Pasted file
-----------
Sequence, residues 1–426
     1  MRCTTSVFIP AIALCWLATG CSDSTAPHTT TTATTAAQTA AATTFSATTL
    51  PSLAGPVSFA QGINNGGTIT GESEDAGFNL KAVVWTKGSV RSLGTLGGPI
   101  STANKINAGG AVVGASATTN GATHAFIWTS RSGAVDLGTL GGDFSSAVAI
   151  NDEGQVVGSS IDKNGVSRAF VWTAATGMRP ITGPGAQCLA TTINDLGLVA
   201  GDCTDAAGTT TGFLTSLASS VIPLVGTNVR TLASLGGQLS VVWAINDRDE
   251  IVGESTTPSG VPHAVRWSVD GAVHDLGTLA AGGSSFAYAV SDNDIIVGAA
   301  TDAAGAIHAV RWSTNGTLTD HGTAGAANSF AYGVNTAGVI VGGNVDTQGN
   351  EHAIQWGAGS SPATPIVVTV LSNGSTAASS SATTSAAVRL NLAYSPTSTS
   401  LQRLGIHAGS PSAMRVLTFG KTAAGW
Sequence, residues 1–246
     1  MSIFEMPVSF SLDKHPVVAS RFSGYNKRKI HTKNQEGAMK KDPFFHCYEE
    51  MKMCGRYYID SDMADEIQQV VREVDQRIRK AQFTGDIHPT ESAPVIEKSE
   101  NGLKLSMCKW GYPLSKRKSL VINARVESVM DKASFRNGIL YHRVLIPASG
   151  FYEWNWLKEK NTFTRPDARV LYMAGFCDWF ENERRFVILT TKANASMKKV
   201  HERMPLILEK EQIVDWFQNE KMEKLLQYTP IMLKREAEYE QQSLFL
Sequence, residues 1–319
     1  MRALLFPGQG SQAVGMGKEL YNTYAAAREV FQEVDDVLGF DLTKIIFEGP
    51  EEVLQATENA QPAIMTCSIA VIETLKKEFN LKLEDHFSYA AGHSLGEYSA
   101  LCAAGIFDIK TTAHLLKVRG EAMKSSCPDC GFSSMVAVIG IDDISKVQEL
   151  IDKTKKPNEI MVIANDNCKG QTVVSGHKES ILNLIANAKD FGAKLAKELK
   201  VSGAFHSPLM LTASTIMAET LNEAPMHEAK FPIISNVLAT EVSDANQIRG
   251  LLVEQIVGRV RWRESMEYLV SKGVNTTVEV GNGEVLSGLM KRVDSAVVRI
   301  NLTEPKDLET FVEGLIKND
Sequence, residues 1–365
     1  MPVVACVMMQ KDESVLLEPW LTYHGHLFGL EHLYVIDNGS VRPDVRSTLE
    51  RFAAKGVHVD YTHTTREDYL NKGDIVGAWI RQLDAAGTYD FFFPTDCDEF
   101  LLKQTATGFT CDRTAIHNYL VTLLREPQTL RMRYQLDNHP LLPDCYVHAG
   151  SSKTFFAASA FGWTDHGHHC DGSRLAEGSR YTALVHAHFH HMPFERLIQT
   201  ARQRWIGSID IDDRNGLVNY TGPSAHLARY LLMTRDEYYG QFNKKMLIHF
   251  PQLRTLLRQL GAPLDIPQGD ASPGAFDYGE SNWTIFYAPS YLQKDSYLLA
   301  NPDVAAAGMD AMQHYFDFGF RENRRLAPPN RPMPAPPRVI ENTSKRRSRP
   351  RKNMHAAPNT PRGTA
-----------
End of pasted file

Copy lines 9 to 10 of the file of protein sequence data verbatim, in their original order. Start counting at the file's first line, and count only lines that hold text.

   351  EHAIQWGAGS SPATPIVVTV LSNGSTAASS SATTSAAVRL NLAYSPTSTS
   401  LQRLGIHAGS PSAMRVLTFG KTAAGW